of the growth is dissipating through the C cycle.
Forest managers, the people associated with the management of vegetation and
its growth, harvest some of the growth for different uses. The amount of growth
harvested depends on the growth characteristics of the trees. Therefore, managers
should appreciate all positive effects on growth, understand what may cause those
effects, and consider all measures, which might be taken to best utilize those effects.
At the same time, they also would like to avoid negative impacts. There may be
one or more solutions among them that are acceptable. They could be a matter of
preventing negative effects and/or ameliorating the positive effects, but the selection

References

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of appropriate measures should be aimed at supplementing the global effort and


should be in harmony with regional conditions. Therefore, it is expected that the
book will be useful for professionals dealing with forest and timber management.
One aspect of managed biomass growth is the maintenance of genetic diversity,
not just species diversity, that is, the genetic variation within the species as well
as the breeding of high yielding species. However, the greenhouse effect and
the projected rates of climatic change could create complexities for the breeding
program. Hence, in addition to reviewing some of the causes of greenhouse effect
and its probable direct and indirect impacts on vegetation, it is important to
discuss the impact on genetic diversity. Though genetic diversity is likely to be
closely related to the regional climate, it will not be possible in this short essay
to review the impact of the greenhouse effect on a regional scale. Based on the
perspective of present scientific information, only certain aspects of climatic change
are reviewed in general with some regional effects in particular. This has been done
because climatically marginal countries like Bangladesh and the Maldives are more
vulnerable to impacts of climate change. For these countries, whatever may be the
enhancement of vegetation growth due to climate change would be meaningless if
their very existence is threatened. An attempt is made to determine the options open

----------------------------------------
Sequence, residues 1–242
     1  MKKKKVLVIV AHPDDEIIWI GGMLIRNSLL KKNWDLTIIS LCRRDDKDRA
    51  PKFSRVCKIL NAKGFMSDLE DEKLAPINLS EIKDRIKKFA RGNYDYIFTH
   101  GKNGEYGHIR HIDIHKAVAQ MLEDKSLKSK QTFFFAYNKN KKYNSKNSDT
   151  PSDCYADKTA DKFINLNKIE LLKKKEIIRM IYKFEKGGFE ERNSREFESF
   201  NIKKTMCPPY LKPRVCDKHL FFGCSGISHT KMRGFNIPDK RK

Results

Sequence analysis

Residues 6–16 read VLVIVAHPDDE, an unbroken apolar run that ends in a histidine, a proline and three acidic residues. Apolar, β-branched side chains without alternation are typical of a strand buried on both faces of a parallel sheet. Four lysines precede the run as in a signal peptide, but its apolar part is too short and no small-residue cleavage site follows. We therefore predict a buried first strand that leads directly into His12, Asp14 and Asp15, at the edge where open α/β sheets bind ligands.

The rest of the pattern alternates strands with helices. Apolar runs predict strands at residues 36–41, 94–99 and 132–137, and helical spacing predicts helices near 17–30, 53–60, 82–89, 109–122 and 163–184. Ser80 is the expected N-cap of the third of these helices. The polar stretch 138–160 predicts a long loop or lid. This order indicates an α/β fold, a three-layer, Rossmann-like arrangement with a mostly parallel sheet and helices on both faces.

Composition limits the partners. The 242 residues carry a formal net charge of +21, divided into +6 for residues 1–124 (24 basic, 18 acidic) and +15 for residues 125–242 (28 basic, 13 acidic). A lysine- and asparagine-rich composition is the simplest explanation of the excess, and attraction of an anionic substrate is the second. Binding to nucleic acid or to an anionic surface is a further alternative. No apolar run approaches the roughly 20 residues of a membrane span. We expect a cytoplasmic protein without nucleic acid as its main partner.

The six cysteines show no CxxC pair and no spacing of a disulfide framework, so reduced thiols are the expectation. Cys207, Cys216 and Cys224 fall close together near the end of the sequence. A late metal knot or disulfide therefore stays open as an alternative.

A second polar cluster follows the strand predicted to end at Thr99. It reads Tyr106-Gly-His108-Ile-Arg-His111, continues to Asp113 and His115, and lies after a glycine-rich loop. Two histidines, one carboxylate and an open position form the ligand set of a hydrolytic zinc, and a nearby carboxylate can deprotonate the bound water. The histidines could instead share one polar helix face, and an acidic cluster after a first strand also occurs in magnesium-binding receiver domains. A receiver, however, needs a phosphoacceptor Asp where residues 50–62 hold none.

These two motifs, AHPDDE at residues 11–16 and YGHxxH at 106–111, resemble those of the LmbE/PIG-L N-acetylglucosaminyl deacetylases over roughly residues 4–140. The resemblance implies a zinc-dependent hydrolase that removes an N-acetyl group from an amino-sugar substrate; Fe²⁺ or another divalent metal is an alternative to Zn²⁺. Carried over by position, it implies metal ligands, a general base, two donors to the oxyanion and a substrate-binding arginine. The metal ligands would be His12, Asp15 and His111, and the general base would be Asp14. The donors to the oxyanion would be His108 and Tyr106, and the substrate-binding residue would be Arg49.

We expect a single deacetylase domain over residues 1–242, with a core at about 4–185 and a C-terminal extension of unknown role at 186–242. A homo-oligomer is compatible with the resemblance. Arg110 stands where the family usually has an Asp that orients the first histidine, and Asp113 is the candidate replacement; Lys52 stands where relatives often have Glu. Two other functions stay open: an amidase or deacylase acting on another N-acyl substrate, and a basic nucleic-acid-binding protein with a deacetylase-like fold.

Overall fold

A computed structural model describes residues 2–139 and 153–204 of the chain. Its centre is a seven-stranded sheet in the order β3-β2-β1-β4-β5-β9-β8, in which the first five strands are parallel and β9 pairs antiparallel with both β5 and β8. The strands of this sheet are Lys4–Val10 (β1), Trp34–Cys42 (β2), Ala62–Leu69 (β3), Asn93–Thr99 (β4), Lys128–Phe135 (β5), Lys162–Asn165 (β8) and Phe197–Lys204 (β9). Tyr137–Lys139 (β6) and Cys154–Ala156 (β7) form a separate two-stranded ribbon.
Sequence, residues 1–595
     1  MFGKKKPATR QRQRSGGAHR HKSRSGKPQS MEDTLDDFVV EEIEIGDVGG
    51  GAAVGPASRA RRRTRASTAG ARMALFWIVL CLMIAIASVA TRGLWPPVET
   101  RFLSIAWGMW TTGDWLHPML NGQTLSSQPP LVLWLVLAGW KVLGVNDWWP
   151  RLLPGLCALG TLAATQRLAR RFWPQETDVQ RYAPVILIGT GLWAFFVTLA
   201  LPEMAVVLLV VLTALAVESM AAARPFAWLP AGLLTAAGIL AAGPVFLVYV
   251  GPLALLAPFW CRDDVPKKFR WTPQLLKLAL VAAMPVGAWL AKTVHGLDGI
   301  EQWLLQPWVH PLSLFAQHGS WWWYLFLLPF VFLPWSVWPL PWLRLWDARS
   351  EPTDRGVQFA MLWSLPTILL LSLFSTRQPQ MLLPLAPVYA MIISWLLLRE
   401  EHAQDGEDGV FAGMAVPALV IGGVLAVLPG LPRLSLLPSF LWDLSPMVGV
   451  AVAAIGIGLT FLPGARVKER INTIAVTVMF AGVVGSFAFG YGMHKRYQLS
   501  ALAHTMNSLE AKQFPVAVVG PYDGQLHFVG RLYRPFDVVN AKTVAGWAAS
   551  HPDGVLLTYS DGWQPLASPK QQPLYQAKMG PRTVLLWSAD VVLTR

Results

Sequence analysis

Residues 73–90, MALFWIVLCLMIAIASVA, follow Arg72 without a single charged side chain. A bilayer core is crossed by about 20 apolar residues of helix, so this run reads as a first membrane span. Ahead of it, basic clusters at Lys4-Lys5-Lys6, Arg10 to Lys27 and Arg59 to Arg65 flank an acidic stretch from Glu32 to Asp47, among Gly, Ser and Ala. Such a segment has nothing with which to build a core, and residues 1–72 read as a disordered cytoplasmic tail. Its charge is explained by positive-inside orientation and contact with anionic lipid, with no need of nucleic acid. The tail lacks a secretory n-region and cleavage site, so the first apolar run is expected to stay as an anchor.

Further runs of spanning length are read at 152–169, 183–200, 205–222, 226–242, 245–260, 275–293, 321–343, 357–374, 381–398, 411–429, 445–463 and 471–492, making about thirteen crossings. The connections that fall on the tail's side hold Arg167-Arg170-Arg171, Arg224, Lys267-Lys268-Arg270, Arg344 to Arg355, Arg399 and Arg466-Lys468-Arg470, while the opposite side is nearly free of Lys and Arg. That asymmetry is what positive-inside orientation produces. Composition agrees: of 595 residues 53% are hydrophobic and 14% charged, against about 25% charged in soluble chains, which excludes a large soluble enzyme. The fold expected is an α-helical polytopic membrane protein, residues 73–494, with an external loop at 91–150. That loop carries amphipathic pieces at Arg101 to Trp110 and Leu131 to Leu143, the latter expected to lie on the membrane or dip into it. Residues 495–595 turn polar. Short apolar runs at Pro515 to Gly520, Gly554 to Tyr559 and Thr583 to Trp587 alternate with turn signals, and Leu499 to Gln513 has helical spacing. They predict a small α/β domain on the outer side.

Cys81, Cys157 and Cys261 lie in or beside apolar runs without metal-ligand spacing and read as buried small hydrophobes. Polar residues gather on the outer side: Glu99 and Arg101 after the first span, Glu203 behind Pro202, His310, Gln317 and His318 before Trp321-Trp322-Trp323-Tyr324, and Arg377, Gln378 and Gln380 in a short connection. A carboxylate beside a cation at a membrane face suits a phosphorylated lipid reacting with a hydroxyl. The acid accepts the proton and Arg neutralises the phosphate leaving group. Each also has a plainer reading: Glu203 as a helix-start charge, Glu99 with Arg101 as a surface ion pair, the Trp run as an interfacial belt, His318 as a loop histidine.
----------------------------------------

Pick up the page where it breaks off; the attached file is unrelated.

to Bangladesh in combating such an insidious problem by considering its climate,
soils, hydrology, and population, as well as its vegetation. Thus, the objectives of
this study are to characterize and define the information available from other CO2
research and to efficiently use that information to show how an increase in CO2
concentration would affect the plant biomass growth.
There are some gases in the atmosphere and water vapor that have high
radiative forcing ability. An excessive accumulation of these gases, especially CO2
and CH4 , in the atmosphere produce a layer of sheath at the lower atmosphere
through which longer heat waves cannot escape but are reflected back to the earth
causing increased temperature of lower atmosphere. This radiative forcing action is
analogous to the greenhouse effect adopted in controlled plant culture and, therefore,
is known as greenhouse effect. Global warming is a cumulative result of greenhouse
effects of these gases. Although the physical bases of climate change depend on
greenhouse effects and global warming, climate change is a wider concept that
merits clarification for understanding the specifications.

References
Depledge J, Lamb R (2005) Caring for climate: a guide to the climate change convention and the
Kyoto protocol. Climate Change Secretariat (UNFCCC), Bonn, 27 pp
Williams M (2002) Climate change information kit. The United Nations Environment Programme
and the Climate Change Secretariat (UNFCCC) and sponsored by UNEP, the UN Development
Programme, the UN Department of Economic and Social Affairs, the UN Institute for Training
and Research, the World Meteorological Organization, the World Health Organization, and the
UNFCCC: Geneva, Switzerland